## Median-based range voting is "twice as resistant to 1-sided strategy" as average-based

Jameson Quinn suggested the following 1-parameter model about "one-sided strategy" in voting. Warren D. Smith then (April 2011) worked out the consequences of Quinn's model in closed form, finding a surprisingly elegantly simple result.

We had previously examined only the special ("unbiased," "honestly close election") case P=0 of this model. That special case turns out to behave unlike the P>0 cases. When P>0 we here argue median-based range voting is "twice as resistant to 1-sided strategy" as average-based. But when P=0 we previously had argued average-based range voting looked to have better resistance to 1-sided strategy than median-based! (Obviously, the P=0 special case is the most important point of this parameter space, but it seems dubious it should outweigh the whole rest of it.)

The model: Two candidates named "Gore" and "Bush." Large number of voters. Initially, each voter has honest score for each candidate that is an independent random-uniform real number in the real interval [0,1]. But now reverse a fraction P of the Bush>Gore votes, by applying the map x→1-x to its scores x. The result is a set of "honest" votes which, in net, favor Gore. These votes are described by a single parameter P with 0≤P≤1; the greater P is, the more pro-Gore the voters honestly are.

That situation will be our starting point. It has 100% honest voting. We will now consider the effect of pro-Bush 1-sided strategy.

This model implies there are a fraction (1-P)/2 Bush>Gore, and (1+P)/2 Gore>Bush, honest voters. The Gore>Bush voters have a triangular probability density of Gore scores: ProbDensity(x)=2x, with mean score 2/3 for Gore and mean=1/3 for Bush. The Bush>Gore voters have the same triangular probability density of Bush scores and mean score 2/3 for Bush and mean=1/3 for Gore.

Now suppose a fraction F, 0≤F≤1, of the Bush>Gore voters strategically exaggerate to Bush=1, Gore=0. We'll assume there is no counterstrategy by the Gore>Bush voters – they just stay honest.

THEOREM: In the above model with any P with 0<P<1, Gore wins with honest voting; but Bush wins with 1-sided exaggeration exactly when the fraction F of Bush>Gore voters who exaggerate obeys F>P/(1-P) for average-based range voting, and F>2P/(1-P) for median-based range voting. If P>1/2 and P>1/3 respectively, then Gore wins despite any amount of pro-Bush exaggeration. Approval voting (since it 'forces exaggeration') is entirely immune to 1-sided strategy, i.e. with it Gore wins, period.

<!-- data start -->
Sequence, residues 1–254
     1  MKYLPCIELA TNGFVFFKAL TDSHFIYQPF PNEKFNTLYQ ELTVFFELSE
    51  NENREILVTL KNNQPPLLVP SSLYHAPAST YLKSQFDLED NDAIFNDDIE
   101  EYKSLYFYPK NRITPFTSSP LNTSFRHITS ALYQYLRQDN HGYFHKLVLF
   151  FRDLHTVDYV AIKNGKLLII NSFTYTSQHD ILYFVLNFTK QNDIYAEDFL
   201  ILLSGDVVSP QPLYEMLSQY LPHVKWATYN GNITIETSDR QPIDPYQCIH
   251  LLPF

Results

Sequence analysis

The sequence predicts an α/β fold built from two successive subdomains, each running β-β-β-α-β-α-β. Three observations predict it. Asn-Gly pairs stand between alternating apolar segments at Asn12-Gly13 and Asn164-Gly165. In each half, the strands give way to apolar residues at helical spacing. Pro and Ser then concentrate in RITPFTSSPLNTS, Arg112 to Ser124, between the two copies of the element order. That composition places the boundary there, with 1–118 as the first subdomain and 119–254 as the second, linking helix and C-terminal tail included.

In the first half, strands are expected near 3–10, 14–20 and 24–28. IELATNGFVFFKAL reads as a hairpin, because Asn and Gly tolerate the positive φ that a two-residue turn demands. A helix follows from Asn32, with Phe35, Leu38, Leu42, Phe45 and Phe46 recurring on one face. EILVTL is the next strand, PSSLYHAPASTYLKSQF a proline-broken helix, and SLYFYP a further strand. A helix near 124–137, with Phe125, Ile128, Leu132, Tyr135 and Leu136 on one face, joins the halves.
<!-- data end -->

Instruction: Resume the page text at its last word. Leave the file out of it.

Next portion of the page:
PROOF: We first shall derive formulas for Bush & Gore's post-exaggeration median and average scores. (The pre-exaggeration results also will arise from our same formulas by taking F=0.) Note that there are three kinds A,B,C of voters, present in proportions

(1-P)F/2 : (1-F)(1-P)/2 : (1+P)/2       [which sum to 1],

who respectively rate Gore=0, Gore=honest, and Gore=honest. The type B∪C voters (combined set) have a trapezoidal probability density of scores with the two trapezoid leg-heights being (1-F)(1-P) and (1+P), up to a constant multiplicative scaling factor you need to choose to make the total probability-mass be 1, i.e. "normalized," at the Gore=0 and Gore=1 sides respectively. Gore's median score is then m where

(1-P)F/2 + (1-[1-P]F/2)∫0<x<m[(1-F)(1-P)+(2P+[1-P]F)x]dx /0<x<1[(1-F)(1-P)+(2P+[1-P]F)x]dx = 1/2.

This simplifies to

(P+[1-P]F/2)m2 + (1-F)(1-P)m + (1-P)F/2 = 1/2

a quadratic equation whose solution m is

GoreMedian = ([F-1][1-P] + ([P+F]P+1-F)1/2) / ([1-P]F+2P).

Similarly Bush's median score is computed by noting the type-A,B,C voters rate Bush=1, Bush=honest, and Bush=honest. The type B∪C voters (combined set) have a trapezoidal probability density of scores with the two trapezoid leg-heights being (1+P) and (1-F)(1-P) (up to a constant multiplicative normalization factor) at the Bush=0 and Bush=1 sides respectively. We find analogously

0 + (1-[1-P]F/2)∫0<x<m[(1+P)-(2P+[1-P]F)x]dx /0<x<1[(1+P)-(2P+[1-P]F)x]dx = 1/2.

This simplifies to

- ([1-P]F/2+P)m2 + (1+P)m = 1/2

BushMedian = ([1+P] - ([P+F]P+1-F)1/2) / ([1-P]F+2P).

Meanwhile, Gore's average score is

0 + (1-[1-P]F/2)∫0<x<1[(1-F)(1-P)+(2P+[1-P]F)x]xdx /0<x<1[(1-F)(1-P)+(2P+[1-P]F)x]dx

(note the integrals in the denominators are there merely to provide the right normalization-constant for the trapezoidal probability density). This simplifies to

GoreAverage = 1/2 - (1-P)F/6 + P/6 = (3+P+F-FP)/6.

Finally, Bush's average score is

(1-P)F/2 + (1-[1-P]F/2)∫0<x<1[(1+P)-(2P+[1-P]F)x]xdx /0<x<1[(1+P)-(2P+[1-P]F)x]dx

which simplifies to

BushAverage = (3-P+F-FP)/6

Now we ask: what fraction F of Bush>Gore voters need to exaggerate in order to make Bush win? With averages, the answer is got by solving BushAverage=GoreAverage for F, with the very simple result

FExaggNeeded(Avg) = P / (1-P).

Note that if P>1/2 then average-based range voting becomes immune to strategy: no amount of exaggeration will suffice to make Bush win. I.e. this model yields such immunity when the honest ratio of Gore>Bush to Bush>Gore voters exceeds 3:1.

With medians, the answer is got by solving BushMedian=GoreMedian for F, with the amazingly simple result

FExaggNeeded(Med) = 2P / (1-P).

Note that median-based range is thus exactly twice as resistant to 1-sided strategy as average-based range, in this model, in the sense that exactly twice as many exaggerators are needed to make Bush win (regardless of P for 0<P<1).

Median-based range voting becomes immune to strategy in this model when P>1/3, i.e. when the honest ratio of Gore>Bush to Bush>Gore voters exceeds 2:1.

Finally, for approval voting, the votes are "already exaggerated" to the endpoints of the allowed score range, so further exaggeration has no effect. Hence if Gore wins, he wins.

Q.E.D.